This is a weekly meme started and hosted by @marysimms72 on her brilliant Book Craic blog which I urge you to read. Also, please check out all the other posts and Tweets with the #MGTakesOnThursday tag, you will be sure to find many fantastic recommendations!
If you love books written for an MG audience and wish to take part, the steps to follow are:
- Post a picture of a front cover of a middle-grade book which you have read and would recommend to others with details of the author, illustrator and publisher.
- Open the book to page 11 and share your favourite sentence.
- Write three words to describe the book
- Either share why you would recommend this book, or link to your review.
Author: Elly Griffiths
Illustrator: Nan Lawson
Publisher: Quercus/Hachette Children’s UK
Favourite sentence from Page 11:
She had tried to be brave (she remembered repeating an old saying of mum’s to herself: ‘Screw your courage to the sticking place’) but, deep down, she’d been terrified.p11
This book in three words: school – kidnap – mystery
This is the third of the Justice Jones mysteries, a wonderful MG mystery series set in a 1930s girl’s boarding school, written by renowned crime writer, Elly Griffiths. The sentence I have chosen demonstrates Elly’s skill at conveying an impressive quantity of information with an economy of words. Firstly, even if you haven’t read the two preceding books, you can pick this one up and immediately catch up with the protagonist’s back story. Secondly, you gain an insight into Justice’s character; she is not only a keen observer of her school mates and the staff at Highbury House Boarding School for the Daughters of Gentlefolk but she also demonstrates an empathetic personality as she tries to put herself into the shoes of a new classmate.
As she returns to school to begin the third form, Justice is pleased to catch up with her dorm-mates and Dorothy, the maid that she has befriended. However, relationships are put under strain by the arrival of the Hon Letitia Blackstock who imposes herself between Justice and her former best friends, Stella and Dorothy, leading to resentment and jealousy. Letitia’s apparent fearlessness and reckless behaviour leads Justice into deeper and deeper trouble with Miss de Vere, the headmistress and expulsion looms large on the horizon. When one of the third form goes missing following a midnight feast, Justice has to use all of her ingenuity to uncover the kidnappers, restore her own standing and save the school from closure.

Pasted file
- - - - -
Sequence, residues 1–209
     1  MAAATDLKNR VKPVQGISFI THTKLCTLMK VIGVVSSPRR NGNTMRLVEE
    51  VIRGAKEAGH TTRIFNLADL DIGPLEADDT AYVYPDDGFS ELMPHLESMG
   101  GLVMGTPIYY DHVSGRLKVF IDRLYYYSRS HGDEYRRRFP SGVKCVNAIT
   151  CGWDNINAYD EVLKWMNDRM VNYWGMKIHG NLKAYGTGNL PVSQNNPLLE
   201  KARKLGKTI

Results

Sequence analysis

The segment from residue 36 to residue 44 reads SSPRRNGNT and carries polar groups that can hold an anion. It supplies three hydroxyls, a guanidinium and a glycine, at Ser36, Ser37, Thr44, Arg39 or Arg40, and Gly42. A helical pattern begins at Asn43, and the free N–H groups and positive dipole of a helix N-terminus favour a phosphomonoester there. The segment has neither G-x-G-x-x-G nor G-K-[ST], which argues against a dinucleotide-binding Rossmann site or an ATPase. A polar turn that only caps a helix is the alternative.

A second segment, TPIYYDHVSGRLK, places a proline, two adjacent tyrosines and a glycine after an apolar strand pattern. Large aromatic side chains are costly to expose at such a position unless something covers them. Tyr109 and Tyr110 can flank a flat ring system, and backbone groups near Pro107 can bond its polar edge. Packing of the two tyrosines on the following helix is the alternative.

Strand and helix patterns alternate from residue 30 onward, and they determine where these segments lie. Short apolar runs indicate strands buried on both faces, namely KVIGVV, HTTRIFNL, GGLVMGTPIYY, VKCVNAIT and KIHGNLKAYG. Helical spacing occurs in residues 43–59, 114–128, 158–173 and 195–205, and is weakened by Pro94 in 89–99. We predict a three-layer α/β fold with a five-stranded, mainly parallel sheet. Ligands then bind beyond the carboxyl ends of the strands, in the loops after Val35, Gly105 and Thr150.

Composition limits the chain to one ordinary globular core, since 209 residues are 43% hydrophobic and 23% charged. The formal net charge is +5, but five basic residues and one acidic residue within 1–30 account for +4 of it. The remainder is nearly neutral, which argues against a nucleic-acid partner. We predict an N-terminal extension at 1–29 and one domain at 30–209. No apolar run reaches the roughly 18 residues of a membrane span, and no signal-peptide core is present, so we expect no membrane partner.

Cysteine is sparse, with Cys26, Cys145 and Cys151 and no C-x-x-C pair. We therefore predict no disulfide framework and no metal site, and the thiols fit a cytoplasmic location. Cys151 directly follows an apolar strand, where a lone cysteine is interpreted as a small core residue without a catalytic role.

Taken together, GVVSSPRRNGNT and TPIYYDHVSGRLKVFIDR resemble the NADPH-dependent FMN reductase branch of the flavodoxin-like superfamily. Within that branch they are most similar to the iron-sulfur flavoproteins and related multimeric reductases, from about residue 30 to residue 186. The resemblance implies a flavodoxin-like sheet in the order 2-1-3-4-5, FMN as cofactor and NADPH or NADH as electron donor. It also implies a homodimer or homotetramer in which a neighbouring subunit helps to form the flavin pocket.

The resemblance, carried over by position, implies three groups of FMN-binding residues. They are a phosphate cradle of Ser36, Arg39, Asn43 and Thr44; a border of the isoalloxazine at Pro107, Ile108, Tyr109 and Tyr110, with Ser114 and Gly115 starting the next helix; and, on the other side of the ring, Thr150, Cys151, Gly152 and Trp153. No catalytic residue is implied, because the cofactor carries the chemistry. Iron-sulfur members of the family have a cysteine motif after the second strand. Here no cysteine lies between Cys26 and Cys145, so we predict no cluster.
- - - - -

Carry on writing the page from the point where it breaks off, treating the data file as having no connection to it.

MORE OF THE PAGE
There are many enjoyable aspects to The Ghost in the Garden. Firstly, the plot cracks along at a good pace, chapters are short, often ending on cliff-hangers which propel you through the story. Justice’s character is very well drawn, showing her independence and intelligence but mixed with a healthy dollop of self-doubt, which makes her a very believable and relatable character for young readers. The author’s use of her journal and notes home to her father, to record reflections and feelings, are clever devices for personality insights. The strained relationships with friends when a newcomer has to be accommodated are scenarios that many youngsters will experience in school and seeing these dilemmas played out in the story can provide comfort and a degree of guidance. The world of Highbury House is beautifully portrayed, from the disgusting school meals, to the entertaining cast of teachers and pupils and the atmospheric construction of the school ghost legend; all add greatly to the entertaining plot.
I have blogged many times about books which fall into the “read for the pure pleasure of reading” category, which are so essential if we want to instil a life-long love of reading in primary school children. At just under 200 pages, the Justice Jones series is perfect for readers of 8+ who are building their independent reading stamina. They are ideal for children who enjoy the Scoop McLaren Books by Helen Castles, the Clifftoppers books by Fleur Hitchcock, the Agent Zaiba books by Annabelle Sami and are an excellent precursor to the Sinclair’s Mysteries by Katherine Woodfine, the Jane Austen Mysteries by Julia Golding or the Murder Most Unladylike series by Robin Stevens.
The other Justice Jones books are:
A Girl Called Justice
A Girl Called Justice: The Smugglers’ Secret